By Scott Nishimura email@example.com
Fort Worth is proposing to change its minority and women-owned contracting ordinance, making it easier for firms with headquarters outside North Texas to apply for MWBE-favored contracts as long as they have an established business in the area.
One proposal, being vetted by the city staff, would allow firms that have an “established place of business in the marketplace,” and with at least 40 percent of employees “regularly based” here, to apply for MWBE contracts and receive “preference points” that help determine who wins contracts.
A second proposal, also being reviewed by the staff, would allow firms headquarted elsewhere but that have an “established bonafide business within the marketplace” to apply for MWBE contracts and receive preference points.
The city’s MWBE advisory committee has approved the proposals, but requested more time to work on language, Robert Sturns, the city’s business recruitment and retention manager, told City Council members Tuesday. Council members are tentatively scheduled to vote in November on the proposals, part of a broader number of changes in the Fort Worth MWBE ordinance.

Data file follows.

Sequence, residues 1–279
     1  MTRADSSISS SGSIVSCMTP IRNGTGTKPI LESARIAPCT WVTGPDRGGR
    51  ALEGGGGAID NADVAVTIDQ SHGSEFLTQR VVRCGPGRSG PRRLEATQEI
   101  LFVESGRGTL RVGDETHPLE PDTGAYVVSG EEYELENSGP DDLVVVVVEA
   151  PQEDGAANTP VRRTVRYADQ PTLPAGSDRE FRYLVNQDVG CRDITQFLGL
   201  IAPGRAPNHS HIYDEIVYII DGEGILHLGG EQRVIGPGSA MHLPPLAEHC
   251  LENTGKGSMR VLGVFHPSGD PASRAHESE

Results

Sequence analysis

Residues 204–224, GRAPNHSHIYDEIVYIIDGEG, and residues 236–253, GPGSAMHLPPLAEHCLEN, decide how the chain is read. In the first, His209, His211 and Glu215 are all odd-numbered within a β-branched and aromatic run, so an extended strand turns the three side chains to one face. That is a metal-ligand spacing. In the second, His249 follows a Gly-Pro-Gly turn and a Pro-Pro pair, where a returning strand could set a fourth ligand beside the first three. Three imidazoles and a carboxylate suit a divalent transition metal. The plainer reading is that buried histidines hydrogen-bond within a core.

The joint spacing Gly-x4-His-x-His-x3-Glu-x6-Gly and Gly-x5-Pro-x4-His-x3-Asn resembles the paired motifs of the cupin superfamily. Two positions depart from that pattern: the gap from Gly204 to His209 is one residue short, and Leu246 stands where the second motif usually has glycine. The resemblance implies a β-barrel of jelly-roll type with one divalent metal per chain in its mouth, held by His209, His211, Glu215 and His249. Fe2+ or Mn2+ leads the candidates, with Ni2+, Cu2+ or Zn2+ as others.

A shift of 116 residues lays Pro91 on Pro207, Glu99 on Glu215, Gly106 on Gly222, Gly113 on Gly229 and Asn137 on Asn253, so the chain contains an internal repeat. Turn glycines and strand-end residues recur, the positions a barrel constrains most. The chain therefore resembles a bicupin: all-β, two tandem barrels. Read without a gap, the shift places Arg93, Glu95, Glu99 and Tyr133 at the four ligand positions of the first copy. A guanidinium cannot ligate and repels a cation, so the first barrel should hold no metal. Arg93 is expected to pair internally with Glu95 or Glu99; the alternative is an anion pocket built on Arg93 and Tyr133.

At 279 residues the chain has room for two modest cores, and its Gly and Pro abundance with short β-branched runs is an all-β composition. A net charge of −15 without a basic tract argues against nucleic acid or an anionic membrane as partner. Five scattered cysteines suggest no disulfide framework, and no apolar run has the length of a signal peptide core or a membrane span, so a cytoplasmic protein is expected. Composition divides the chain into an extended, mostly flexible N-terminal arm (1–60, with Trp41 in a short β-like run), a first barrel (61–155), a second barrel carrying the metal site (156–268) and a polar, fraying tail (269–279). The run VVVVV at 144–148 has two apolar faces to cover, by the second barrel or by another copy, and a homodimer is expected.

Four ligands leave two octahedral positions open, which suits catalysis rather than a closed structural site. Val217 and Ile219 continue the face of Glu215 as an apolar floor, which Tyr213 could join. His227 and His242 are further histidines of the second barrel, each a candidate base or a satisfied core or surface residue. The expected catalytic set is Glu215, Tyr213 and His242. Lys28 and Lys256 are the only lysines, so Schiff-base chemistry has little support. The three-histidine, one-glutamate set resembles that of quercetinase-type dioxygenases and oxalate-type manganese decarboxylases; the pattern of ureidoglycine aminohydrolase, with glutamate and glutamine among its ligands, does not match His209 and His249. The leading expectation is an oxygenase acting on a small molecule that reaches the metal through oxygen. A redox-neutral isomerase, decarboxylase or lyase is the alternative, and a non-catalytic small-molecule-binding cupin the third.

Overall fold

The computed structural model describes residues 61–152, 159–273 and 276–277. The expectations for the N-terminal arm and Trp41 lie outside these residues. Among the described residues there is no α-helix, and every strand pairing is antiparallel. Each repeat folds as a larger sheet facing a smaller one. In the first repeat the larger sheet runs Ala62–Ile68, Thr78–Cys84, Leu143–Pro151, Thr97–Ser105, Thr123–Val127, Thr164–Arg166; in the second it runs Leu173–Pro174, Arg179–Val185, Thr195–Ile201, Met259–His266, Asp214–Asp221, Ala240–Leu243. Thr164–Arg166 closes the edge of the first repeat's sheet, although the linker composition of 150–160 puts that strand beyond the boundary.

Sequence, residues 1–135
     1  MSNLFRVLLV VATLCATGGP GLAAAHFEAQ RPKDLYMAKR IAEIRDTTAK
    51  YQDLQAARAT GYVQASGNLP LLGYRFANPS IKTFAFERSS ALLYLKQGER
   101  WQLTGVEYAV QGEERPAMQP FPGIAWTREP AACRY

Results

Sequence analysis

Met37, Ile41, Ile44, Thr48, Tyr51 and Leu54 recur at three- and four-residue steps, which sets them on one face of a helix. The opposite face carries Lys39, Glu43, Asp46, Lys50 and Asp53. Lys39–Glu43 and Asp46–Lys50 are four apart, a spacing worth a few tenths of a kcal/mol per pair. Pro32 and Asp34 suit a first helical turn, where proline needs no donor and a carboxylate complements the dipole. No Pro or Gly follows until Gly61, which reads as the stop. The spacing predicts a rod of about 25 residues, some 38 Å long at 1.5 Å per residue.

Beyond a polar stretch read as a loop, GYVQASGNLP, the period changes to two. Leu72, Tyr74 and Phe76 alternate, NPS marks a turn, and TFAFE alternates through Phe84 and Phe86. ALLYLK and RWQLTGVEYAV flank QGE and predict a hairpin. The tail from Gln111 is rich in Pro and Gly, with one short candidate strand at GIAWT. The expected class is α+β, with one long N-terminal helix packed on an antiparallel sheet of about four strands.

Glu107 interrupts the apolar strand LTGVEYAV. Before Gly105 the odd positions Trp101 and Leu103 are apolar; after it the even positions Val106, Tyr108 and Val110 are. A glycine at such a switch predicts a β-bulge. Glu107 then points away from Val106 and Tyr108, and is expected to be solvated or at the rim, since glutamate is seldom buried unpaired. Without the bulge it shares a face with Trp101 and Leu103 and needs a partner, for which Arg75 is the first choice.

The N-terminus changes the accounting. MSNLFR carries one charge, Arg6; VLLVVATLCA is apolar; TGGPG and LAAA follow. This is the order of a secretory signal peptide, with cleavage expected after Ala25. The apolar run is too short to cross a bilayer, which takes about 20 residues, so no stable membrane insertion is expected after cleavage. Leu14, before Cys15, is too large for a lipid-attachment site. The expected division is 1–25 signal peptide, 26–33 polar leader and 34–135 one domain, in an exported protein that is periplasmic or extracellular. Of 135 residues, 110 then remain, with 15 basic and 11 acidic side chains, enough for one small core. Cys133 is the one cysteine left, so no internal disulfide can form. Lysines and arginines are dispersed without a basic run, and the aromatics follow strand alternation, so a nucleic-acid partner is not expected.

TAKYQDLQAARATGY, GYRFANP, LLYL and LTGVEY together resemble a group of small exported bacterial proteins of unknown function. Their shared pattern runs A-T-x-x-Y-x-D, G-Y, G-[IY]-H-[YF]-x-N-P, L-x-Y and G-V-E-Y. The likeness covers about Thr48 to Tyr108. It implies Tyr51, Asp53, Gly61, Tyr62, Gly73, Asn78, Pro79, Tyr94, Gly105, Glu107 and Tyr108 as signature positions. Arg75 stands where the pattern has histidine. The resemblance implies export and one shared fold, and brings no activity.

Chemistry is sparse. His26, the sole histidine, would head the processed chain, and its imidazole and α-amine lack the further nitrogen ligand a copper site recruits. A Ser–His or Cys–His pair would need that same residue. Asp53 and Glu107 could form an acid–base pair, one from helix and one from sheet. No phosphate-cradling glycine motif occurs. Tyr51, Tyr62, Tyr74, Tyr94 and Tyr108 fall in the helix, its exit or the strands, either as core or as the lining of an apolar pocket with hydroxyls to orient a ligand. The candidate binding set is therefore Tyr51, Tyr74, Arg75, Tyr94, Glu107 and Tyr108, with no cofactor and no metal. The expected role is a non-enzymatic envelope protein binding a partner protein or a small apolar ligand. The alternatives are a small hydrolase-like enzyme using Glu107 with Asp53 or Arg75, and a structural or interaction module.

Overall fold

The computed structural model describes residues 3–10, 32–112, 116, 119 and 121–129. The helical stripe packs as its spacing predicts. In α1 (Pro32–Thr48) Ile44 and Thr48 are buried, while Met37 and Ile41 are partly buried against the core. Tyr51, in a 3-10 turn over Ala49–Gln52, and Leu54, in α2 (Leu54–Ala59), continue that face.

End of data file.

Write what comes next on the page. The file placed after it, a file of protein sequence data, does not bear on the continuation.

The proposals regarding place of business should increase the number of construction contractors that are eligible to apply for contracts, Sturns said. That’s long been a weak spot for the city, which has been in talks for months with the industry on possible ordinance changes.
“This is one we’ve been wrestling with for some time now,” Sturns told the council.
Council members lauded the staff for the proposals.
“I want to see the black business presence in this community grow, and I think this will help,” Council member Gyna Bivens, who represents the Fort Worth district that stretches from Stop Six through Handley and to CentrePort.
Council member Kelly Allen Gray, who represents the Southeast Fort Worth District 8, asked for better definitions of some key criterion, including “established place” and “regularly based.” The proposed changes go “a long way, but a lot of times, we leave a lot of things to be inferred,” Gray said.
“We do have to continue to build capacity; that’s going to take some continued effort,” Councilman Sal Espino, who represents the North Side, said. “This is not an easy issue, but a lot of good folks are working on it.”
It’s “tough…to try and define everything and get a good balance, and you all are making good progress at it,” Mayor Betsy Price told Sturns.
Proof of an established business locally goes beyond a local address, Sturns said.
“It can’t be a mailbox, it can’t be a post office box,” he said in an interview. “You’ve got to have an office in place.”
The current ordinance excludes firms whose “principal place of business” is outside the six-county area from receiving preference points under the MWBE ordinance. They may, however, still apply.
That ordinance has excluded some number of firms from outside the area that have built businesses in the area over the last several years, Sturns said.
The 40 percent threshold is “a high number,” but the proposed changes “will open up opportunity for them,” he said.